Suddenly, it was clear that their attempt to coax first-time racegoers back to what used to be the nation's favourite day at the races had been a resounding success. After a decade of public indifference, the trend of dwindling attendances had not simply been halted, but flung into reverse, with 72,000 paying to watch the Derby, more than a quarter as many again as 12 months previously.
The most welcome discovery was that the relationship between attendance and atmosphere is exponential. There were 28 per cent more people, but the mood was improved by 100 per cent.
On Derby day 1996, the bar staff were so under-employed that they spent their time trying to attract your attention. Not so on Saturday, when the only bar without a six-deep queue was the one in the tented village which had run out of beer.
Long before the first race, you could sense a feeling that life was already pretty good and was about to get even better. The reaction of a woman sitting on the terracing when a large, unsteady man collapsed on top of her was an indication of the mood. There was no annoyance or aggression, simply a prolonged giggle.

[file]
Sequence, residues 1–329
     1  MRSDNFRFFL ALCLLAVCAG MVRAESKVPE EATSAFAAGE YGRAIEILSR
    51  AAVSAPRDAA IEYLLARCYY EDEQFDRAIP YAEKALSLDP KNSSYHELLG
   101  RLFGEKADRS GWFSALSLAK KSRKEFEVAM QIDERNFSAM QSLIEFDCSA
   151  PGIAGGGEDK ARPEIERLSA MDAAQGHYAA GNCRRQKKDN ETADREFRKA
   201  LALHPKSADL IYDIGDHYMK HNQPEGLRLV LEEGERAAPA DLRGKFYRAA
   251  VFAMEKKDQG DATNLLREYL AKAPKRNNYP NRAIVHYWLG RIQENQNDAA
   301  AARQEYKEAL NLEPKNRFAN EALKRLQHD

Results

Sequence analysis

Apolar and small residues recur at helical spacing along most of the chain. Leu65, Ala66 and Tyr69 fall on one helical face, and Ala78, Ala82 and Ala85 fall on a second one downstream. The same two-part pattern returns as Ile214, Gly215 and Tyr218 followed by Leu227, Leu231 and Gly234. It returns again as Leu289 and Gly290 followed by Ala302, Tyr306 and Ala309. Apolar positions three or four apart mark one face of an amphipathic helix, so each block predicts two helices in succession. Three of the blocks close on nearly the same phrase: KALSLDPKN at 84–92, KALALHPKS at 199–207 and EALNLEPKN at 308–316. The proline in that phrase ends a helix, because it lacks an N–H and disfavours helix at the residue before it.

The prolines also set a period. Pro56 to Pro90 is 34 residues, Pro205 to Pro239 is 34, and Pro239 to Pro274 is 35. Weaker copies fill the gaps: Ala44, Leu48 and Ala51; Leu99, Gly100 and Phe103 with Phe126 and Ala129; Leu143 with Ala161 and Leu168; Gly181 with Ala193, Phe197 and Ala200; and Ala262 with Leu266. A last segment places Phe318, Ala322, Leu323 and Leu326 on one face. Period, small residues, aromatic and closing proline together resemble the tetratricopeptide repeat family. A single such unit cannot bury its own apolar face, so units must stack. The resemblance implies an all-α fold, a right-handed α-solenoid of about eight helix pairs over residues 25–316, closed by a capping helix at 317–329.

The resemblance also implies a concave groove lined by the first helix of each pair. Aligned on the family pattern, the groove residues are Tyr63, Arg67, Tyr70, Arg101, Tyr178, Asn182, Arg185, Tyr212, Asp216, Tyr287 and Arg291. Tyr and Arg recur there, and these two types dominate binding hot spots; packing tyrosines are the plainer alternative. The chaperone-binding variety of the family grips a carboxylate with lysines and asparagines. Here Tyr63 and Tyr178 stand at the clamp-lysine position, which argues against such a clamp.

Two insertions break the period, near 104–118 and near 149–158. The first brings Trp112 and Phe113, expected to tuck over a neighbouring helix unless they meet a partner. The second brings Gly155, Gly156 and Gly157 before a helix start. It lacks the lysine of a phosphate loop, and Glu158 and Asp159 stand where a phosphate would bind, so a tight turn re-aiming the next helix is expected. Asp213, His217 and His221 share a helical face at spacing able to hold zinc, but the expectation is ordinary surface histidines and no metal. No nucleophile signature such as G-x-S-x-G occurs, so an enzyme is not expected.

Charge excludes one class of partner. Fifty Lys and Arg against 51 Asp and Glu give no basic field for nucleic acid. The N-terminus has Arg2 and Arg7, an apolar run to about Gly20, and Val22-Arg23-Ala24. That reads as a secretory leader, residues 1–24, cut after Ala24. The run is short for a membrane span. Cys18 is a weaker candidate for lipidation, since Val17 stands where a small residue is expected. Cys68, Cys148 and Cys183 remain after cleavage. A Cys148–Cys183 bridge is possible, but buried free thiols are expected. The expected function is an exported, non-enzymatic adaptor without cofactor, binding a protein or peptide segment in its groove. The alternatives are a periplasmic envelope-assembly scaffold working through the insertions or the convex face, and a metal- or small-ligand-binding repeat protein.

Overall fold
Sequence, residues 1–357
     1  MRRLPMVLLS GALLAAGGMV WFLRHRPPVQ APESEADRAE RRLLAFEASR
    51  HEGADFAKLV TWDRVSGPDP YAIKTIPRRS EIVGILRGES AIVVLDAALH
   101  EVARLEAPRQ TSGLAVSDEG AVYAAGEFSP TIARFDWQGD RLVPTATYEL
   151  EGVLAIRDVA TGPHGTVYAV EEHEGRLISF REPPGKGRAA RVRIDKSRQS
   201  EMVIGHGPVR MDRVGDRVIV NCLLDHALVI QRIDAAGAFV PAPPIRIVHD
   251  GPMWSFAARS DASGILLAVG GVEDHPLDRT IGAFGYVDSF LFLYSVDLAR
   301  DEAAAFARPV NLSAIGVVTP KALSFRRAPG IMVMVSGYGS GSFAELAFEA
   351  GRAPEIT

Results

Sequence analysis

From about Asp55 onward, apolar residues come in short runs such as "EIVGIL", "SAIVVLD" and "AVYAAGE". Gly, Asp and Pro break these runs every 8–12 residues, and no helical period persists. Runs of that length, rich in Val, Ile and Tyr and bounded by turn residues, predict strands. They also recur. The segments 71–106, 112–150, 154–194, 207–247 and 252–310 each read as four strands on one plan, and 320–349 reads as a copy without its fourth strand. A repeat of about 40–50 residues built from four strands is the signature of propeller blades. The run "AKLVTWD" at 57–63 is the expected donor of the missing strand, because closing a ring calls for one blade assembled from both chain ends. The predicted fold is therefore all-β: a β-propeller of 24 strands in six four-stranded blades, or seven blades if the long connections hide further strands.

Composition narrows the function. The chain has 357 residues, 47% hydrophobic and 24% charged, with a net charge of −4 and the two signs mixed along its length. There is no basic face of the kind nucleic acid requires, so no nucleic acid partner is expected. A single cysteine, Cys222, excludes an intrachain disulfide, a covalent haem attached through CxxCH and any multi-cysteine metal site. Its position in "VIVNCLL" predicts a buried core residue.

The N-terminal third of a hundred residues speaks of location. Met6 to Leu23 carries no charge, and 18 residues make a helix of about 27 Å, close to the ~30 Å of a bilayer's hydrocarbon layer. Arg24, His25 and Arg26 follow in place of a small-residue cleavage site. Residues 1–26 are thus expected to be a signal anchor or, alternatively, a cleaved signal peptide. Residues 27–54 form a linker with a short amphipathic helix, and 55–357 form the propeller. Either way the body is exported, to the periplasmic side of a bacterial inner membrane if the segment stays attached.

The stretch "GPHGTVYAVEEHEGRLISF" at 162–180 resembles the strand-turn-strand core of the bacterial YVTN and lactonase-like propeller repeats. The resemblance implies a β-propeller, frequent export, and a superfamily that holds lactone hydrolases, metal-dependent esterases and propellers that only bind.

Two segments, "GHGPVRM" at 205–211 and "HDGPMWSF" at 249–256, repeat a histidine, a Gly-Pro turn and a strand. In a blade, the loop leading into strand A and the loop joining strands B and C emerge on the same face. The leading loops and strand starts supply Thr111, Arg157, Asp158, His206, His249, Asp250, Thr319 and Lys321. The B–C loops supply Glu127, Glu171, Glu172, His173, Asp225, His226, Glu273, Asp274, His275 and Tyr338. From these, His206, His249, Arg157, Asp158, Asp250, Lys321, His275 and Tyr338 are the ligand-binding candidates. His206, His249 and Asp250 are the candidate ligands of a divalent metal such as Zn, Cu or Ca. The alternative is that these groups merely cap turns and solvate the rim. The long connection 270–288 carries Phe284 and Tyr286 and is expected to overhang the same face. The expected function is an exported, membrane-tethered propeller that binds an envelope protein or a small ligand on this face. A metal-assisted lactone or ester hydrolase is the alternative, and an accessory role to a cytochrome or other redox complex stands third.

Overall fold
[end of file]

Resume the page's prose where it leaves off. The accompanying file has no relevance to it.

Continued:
Somehow, the unique excitement of Derby day had been recaptured, every bit as suddenly as it had been lost almost a decade ago. No one has ever adequately explained what went wrong, or why it did so almost in the space of 12 months.
When Nashwan set sail for home in 1989, he was greeted by a blood-curdling roar from tens of thousands squeezed into the stand and packed tight and deep along the rails all the way to Tattenham Corner and beyond. Yet just a season later, Quest For Fame failed to raise even a whiff of excitement from a sharply depleted crowd, and from that moment on, things only got worse.
Now, at last, we have had a Derby day which improved on the one before, and even the horses played their part, with the closest of finishes. True, the infield fell a long way short of the teeming bedlam of former days, but even there, the close up of Benny The Dip's long run for the line revealed a dense mass of faces inside the running rail, and many hundreds of fists punching him home with Willie Ryan.
Leaving Epsom on Saturday evening, you could imagine all those first- timers resolving to return next year, bring their friends, and who knows, maybe even hire one of the double-deckers. For Sue Ellen and the Epsom officials, it is only a beginning, but now, at least, the momentum in on their side, and that in itself is quite an achievement.Reuse content